Written in the form of a letter from a son to his mother, the story is told in fragments jumping around in time and place. The key characters are three generations of Vietnamese immigrants now living in America. They are Little Dog – given a ‘despicable’ name because evil spirits will leave something worthless untouched – his mother and grandmother. There are men on the periphery, most of them demonstrating a propensity for violence. Poverty and violence permeate each page.
“freedom, I am told, is nothing but the distance between the hunter and its prey”
In writing his letter, Little Dog, now grown, is remembering his childhood. He was regularly beaten by his mother who was exhausted by her efforts to support her family through her poorly paid job at a nail salon. She in turn had been beaten by her husband, ending up in hospital before he was imprisoned. His attempt to bribe the police personnel called to deal with the incident, which would have been the end of the matter in Vietnam, is to no avail.
Little Dog correlates love with pain.
Throughout the letter are tales of cruelties man inflicts on animals. A monkey brain is spooned from a living creature in an attempt to improve virility. The raising of calves for veal is detailed.
Men are also cruel to each other. Little Dog’s mother suffers from PTSD as a result of her experience of war in her home country. Her father is an American GI.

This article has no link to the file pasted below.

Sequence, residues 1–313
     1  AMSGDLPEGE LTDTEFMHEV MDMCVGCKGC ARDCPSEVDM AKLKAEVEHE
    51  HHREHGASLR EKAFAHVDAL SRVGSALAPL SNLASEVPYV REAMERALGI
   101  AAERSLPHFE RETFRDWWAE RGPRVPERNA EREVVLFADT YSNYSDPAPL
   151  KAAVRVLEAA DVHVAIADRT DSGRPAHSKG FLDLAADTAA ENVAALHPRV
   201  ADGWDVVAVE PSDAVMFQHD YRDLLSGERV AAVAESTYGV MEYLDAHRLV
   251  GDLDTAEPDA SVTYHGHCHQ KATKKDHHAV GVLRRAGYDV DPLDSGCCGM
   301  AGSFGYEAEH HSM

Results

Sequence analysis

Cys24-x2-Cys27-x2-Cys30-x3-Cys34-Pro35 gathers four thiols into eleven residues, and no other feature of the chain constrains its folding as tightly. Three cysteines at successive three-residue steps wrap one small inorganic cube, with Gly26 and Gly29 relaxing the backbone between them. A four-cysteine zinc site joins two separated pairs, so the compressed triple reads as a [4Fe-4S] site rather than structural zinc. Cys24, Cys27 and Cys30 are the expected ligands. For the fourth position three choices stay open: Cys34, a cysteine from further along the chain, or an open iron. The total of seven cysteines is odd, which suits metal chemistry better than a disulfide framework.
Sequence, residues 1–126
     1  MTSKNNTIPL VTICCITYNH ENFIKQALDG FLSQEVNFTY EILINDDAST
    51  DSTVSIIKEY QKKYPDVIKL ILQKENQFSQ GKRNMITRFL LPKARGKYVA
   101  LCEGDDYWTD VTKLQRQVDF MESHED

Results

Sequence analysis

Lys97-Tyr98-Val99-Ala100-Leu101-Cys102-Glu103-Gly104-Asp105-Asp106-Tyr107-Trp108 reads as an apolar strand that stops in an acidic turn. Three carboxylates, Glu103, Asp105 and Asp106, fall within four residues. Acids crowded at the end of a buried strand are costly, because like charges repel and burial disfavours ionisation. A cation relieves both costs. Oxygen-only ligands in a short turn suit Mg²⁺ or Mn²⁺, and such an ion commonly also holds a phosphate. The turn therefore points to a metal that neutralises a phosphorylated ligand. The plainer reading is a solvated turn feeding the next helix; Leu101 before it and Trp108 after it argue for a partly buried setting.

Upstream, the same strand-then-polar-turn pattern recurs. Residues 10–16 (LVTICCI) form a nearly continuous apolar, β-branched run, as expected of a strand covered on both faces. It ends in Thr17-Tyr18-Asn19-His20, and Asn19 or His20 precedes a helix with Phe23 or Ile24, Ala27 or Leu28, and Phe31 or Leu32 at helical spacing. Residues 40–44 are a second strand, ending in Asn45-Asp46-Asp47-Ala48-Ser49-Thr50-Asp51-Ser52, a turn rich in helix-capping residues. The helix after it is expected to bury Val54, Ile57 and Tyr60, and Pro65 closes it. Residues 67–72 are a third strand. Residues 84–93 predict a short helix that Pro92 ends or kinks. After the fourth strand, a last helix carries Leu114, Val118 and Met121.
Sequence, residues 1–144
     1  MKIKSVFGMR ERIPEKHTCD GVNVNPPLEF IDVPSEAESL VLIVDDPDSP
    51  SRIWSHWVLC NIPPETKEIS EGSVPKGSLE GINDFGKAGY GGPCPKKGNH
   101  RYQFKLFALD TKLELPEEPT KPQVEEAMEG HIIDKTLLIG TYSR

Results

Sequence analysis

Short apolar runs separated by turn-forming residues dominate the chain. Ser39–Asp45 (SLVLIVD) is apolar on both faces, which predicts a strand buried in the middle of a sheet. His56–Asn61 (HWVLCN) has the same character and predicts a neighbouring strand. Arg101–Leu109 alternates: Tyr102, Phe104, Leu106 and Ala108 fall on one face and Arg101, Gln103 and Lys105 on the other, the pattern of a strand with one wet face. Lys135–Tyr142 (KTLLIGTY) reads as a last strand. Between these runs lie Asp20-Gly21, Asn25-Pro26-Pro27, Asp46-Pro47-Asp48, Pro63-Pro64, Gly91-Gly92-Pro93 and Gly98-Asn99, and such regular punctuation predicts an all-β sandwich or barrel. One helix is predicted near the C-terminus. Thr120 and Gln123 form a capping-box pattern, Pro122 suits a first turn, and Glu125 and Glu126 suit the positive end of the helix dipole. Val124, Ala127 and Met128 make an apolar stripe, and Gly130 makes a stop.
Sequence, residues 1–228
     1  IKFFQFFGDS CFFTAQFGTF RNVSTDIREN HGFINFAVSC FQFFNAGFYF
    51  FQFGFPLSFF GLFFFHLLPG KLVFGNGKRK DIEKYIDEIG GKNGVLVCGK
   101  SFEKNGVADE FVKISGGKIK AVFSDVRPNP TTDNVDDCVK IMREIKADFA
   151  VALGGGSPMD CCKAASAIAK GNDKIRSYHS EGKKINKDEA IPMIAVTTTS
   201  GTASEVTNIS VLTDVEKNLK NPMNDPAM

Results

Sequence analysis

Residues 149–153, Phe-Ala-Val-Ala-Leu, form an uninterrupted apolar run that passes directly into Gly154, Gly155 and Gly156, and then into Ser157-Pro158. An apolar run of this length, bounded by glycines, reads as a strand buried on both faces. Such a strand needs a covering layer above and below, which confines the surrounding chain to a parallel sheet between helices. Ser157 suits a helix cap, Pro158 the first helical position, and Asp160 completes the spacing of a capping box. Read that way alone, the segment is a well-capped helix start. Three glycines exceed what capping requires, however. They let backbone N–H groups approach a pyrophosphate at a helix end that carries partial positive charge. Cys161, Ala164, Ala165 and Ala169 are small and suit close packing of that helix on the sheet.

As a teenager, Little Dog engages in sexual activity in which he encourages and submits to practices that physically hurt. The graphic imagery detailing these episodes verges on the pornographic – not something I enjoy reading.
Alcoholism and other drug taking is commonplace amongst peers and parents. These practices cause several deaths.
At seventeen, Little Dog comes out to his mother. She responds with a revelation from her past, another terrible experience she was forced to bear.
“We were exchanging truths, I realized, which is to say, we were cutting one another.”
The writing is visceral although in places felt overblown, perhaps because there was little let up in the horror of the fragments and their vivid depiction. The wounds that scar each family member run deep and are excavated from different angles, piercing and then piercing again. This emotional legacy infects across generations. Little Dog observes beauty and, with it, seemingly inevitable death.
Any Cop?: A harrowing depiction of a life containing much intimate and disturbing detail. Although not always easy to read, it is a powerful portrayal.